Oman Private Sector to Drive Development
As pharmaceutical sector development in Oman has been broadly based around government cost-containment efforts in recent years, the country has increasingly encouraged the private sector to shoulder more of the burden of healthcare. In common with several Arabian Gulf states, most notably including Bahrain, Oman has moved to exclude expatriate workers from the public health system, thereby creating a significant boost for the private healthcare industry.
The need to boost private provision, which is already growing according to its own economic imperatives, is a clear necessity. However, cost pressures on the government have also prompted moves toward cheaper drug production, with last year's creation of the Oman Pharmaceutical Products Company as a producer to accompany what was formerly the country's sole drugmaker, National Pharmaceutical Industries. Along with its position as an increasingly significant drug exporter within the region, Oman is also keen to source larger quantities of generic imports from regional producers such as Egypt.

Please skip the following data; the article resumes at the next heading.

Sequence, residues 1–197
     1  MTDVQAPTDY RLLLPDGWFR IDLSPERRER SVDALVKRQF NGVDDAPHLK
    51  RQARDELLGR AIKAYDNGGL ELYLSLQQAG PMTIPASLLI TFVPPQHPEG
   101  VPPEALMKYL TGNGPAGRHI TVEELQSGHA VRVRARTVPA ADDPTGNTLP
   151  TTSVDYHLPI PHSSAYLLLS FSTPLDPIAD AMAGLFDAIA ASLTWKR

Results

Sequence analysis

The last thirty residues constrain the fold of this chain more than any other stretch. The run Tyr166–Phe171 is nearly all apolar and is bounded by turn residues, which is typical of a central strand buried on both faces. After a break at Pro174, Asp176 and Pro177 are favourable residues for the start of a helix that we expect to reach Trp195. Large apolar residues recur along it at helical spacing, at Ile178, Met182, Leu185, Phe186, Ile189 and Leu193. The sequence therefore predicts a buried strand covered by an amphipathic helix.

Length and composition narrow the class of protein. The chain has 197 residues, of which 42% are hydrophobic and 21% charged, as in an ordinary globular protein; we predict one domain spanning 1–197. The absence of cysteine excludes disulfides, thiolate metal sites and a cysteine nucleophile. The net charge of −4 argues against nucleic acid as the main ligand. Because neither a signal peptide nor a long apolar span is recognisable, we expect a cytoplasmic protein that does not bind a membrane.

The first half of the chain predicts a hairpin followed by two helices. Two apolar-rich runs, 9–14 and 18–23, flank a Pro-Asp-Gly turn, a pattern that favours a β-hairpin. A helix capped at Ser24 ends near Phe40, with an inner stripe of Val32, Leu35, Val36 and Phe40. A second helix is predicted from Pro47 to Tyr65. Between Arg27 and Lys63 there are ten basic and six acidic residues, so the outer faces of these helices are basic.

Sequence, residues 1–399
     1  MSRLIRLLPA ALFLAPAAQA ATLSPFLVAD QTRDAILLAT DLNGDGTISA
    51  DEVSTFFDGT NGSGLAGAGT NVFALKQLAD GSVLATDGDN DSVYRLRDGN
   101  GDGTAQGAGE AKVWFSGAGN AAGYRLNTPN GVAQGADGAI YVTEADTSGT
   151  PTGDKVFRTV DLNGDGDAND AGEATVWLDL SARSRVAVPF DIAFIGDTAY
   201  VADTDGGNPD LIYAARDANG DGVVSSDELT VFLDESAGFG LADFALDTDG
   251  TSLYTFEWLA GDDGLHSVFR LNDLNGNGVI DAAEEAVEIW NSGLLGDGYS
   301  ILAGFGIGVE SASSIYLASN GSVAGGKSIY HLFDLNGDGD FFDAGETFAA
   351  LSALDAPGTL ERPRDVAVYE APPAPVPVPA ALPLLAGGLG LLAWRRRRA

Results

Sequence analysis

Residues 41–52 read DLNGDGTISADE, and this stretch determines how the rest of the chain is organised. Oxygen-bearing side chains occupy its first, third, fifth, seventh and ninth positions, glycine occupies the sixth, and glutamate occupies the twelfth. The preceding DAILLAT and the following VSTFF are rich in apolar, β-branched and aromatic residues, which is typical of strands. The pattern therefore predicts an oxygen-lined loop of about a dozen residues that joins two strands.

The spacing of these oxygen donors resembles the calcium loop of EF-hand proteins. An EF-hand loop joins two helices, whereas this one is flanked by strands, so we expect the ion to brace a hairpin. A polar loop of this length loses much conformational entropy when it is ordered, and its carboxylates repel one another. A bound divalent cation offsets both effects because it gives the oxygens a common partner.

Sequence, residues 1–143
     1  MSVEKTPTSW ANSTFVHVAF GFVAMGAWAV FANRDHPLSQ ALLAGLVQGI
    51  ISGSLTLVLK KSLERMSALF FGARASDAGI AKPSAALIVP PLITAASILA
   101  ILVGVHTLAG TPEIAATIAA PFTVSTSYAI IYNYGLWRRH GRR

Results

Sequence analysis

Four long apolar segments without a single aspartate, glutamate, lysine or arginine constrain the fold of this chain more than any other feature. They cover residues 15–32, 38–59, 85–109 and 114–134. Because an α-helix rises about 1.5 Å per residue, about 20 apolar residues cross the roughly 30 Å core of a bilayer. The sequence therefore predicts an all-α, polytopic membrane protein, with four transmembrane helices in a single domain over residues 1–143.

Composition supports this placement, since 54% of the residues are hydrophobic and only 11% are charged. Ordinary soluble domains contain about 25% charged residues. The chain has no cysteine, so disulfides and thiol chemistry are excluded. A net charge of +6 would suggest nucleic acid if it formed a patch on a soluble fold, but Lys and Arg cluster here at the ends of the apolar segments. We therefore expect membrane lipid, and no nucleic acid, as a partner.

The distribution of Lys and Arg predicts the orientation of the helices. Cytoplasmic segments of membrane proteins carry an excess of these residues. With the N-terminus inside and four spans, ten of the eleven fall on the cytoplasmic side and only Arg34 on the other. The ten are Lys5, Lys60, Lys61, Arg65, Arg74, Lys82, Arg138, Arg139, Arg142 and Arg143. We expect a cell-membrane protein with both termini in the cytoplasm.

Nevertheless, as the country's drug market is worth only US$84mn per year,
the impact of such changes is unlikely to be felt more widely than within the
member states of the Gulf Co-operation Council, which operates closed international
tenders for public sector drug procurement in the region. It is perhaps more
promising to reflect that the local sector, while undoubtedly small, is expected
to grow by an annual 10% to US$110mn by 2007.